What Are The Best Vegetable Plants To Grow In the Shade? Are There Any that Prefer Shade? This Article Answers Your Shade & Vegetable Questions.

Social media and allotments are full of questions about the best vegetable plants to grow in the shade. The answer depends on what we mean by shade. Most vegetables grown in the UK prefer plenty of sunlight. Very few prefer shade. There’s a simple reason for this. For plants to grow they have to photosynthesis and photosynthesis is powered by sunlight. The less sunlight there is the less photosynthesis there is and the slower the plant grows. That also means potentially smaller the plant grows and few gardeners want small plants to harvest. They want plants that are big enough to eat!

How Much Shade is Too Much Shade For Vegetables?

It’s hard to be categoric about this except to say that in most cases the more sun the better. But a rule of thumb might be to say that most vegetable plants need at least six hours good sunshine a day if they are to grow well. Of course in winter we get much less daylight and achieving this figure is hard. It’s one of the reasons why plants grow slower in winter. Another is the cold, and less sunshine also means it is colder, both air and soil temperature.

I’m often told by gardeners that crops such as lettuce prefer the shade. I disagree. As a commercial grower I grew around half a million lettuce a year and I know from experience that they more sunlight they had the better. They grew faster. They were less likely to bolt. They grew bigger. They were healthier and suffered fewer pests and diseases.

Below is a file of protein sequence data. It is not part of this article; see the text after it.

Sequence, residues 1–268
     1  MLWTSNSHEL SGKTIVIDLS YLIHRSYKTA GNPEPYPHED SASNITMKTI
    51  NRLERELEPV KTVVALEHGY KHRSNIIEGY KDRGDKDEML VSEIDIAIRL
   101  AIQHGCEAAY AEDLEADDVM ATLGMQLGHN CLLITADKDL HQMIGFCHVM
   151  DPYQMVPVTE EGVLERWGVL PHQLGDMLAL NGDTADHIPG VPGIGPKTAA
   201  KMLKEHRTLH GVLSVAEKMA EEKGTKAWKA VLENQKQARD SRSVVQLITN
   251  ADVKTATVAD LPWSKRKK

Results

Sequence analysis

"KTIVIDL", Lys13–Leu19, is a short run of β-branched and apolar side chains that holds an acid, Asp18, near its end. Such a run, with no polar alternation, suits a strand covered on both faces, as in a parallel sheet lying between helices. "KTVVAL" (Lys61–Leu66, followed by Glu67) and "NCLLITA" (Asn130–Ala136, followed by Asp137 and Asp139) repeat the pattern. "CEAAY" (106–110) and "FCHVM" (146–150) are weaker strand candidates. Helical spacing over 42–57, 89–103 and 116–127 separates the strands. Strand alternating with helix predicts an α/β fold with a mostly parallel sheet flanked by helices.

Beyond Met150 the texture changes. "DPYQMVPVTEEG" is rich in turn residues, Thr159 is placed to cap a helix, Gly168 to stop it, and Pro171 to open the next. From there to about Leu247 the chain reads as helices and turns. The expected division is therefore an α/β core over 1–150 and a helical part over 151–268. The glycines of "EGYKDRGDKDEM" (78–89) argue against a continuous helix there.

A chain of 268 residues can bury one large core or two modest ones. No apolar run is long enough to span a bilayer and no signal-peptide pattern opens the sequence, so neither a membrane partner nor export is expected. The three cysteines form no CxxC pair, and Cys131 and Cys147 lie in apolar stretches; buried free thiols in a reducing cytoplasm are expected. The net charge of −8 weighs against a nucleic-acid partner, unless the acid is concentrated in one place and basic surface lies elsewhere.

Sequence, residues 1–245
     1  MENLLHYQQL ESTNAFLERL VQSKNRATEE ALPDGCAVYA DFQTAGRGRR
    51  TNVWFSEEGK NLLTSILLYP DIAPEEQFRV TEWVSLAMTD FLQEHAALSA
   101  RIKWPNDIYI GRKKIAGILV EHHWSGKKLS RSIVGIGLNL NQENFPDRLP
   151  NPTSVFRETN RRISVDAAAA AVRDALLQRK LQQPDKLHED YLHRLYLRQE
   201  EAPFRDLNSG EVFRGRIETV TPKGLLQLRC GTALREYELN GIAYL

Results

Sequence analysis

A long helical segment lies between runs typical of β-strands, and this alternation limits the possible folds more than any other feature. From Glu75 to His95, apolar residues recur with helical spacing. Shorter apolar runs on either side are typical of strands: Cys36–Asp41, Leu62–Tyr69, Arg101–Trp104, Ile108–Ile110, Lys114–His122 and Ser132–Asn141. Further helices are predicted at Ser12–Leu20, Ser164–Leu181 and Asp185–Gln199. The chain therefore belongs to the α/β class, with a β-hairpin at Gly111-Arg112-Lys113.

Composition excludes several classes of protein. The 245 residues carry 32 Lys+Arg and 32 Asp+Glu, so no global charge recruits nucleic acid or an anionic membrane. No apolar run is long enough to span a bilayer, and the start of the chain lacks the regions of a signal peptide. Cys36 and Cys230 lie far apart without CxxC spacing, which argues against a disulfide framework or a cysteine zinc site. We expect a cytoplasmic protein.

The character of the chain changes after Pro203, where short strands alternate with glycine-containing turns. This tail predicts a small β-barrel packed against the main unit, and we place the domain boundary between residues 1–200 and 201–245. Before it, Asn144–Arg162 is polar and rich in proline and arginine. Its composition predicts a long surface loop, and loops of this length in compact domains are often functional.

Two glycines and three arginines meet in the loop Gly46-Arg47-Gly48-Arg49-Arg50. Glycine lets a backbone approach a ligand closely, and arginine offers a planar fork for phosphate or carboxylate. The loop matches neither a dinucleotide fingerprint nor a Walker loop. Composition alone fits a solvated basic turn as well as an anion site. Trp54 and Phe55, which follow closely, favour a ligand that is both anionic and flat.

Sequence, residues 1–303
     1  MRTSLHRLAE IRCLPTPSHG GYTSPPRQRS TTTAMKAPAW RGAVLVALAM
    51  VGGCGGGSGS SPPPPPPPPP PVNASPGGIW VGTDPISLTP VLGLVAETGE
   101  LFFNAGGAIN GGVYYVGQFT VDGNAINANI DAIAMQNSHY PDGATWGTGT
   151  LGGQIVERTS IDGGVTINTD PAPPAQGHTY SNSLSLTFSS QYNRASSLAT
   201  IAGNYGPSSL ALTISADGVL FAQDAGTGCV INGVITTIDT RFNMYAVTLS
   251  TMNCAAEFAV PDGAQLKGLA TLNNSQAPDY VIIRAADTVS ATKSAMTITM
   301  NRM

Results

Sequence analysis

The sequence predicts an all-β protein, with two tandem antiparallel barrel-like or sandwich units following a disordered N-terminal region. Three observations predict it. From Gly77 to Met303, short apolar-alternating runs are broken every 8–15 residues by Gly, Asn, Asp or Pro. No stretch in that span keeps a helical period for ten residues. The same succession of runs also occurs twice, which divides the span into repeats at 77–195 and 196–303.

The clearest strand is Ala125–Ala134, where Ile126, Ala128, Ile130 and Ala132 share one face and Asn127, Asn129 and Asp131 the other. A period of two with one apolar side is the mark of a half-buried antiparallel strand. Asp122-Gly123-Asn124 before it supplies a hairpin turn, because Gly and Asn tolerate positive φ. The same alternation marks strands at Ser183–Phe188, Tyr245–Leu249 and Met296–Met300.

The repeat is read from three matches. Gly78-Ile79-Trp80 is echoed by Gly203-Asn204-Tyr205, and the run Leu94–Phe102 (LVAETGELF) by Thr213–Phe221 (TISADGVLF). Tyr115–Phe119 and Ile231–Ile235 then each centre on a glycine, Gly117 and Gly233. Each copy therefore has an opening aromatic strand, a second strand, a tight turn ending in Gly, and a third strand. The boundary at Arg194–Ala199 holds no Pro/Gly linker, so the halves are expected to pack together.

I had one greenhouse that was partly shaded by a hedge. It was a big greenhouse and held 12,000 lettuce at a time. Crops in the front of this greenhouse matured a week before the ones in the shade. The few rows closest the hedge, where the shade was worse, often got binned as they didn’t mature into saleable crops. Sadly I didn’t own the hedge so couldn’t cut it back to allow more light. When the greenhouse was built the hedge wasn’t there .. no commercial grower would knowingly build a greenhouse in the shade of a hedge.

Of course many readers of this article aren’t commercial growers and don’t depend on the crops for a living. But I use the commercial example to demonstrate how bad shade affects crops. 12,000 lettuce should, in theory, have produced 1000 boxes of lettuce. Most greenhouses of this size would produce around 998-9 boxes. This one regularly produced 820 boxes! The rest just weren’t good enough to sell.

Growing Vegetables In A Shady Garden

If your garden is shady don’t despair. There are crops you can grow. They just won’t yield quite as well. And if it is very shady they will also get drawn (etiolated).

But being drawn isn’t critical if you are growing veg such as peas for pea shoots. They tend to be a bit straggly but will still taste good. In fact any leafy crop will produce something edible. So go for things like lettuce where you can stripe leaves off the stem rather than harvest the while plant. Think about herbs such as coriander, parsley, sage, thyme etc. They prefer bright sunlight but will tolerate a bit of shade and and we tend not to harvest vast amounts from sage and thyme.

The other thought is to grow plants in containers that can be moved. Some areas are shady at certain times of the year and sunnier at others. So move the containers to the best place at a given time of year. My heavy containers are relatively easy to move with a sack truck.

Are There Any Shade Loving Vegetables?

Yes, just a few few. Crops such as wasabi actually prefer shade. It’s an exception.

Out of interest I’ve just Googled “Vegetables that grow in full shade uk”. I was offered lots of pages about veg that would tolerate some shade …. but NOT ONE that actually suggested veg that PREFER shade.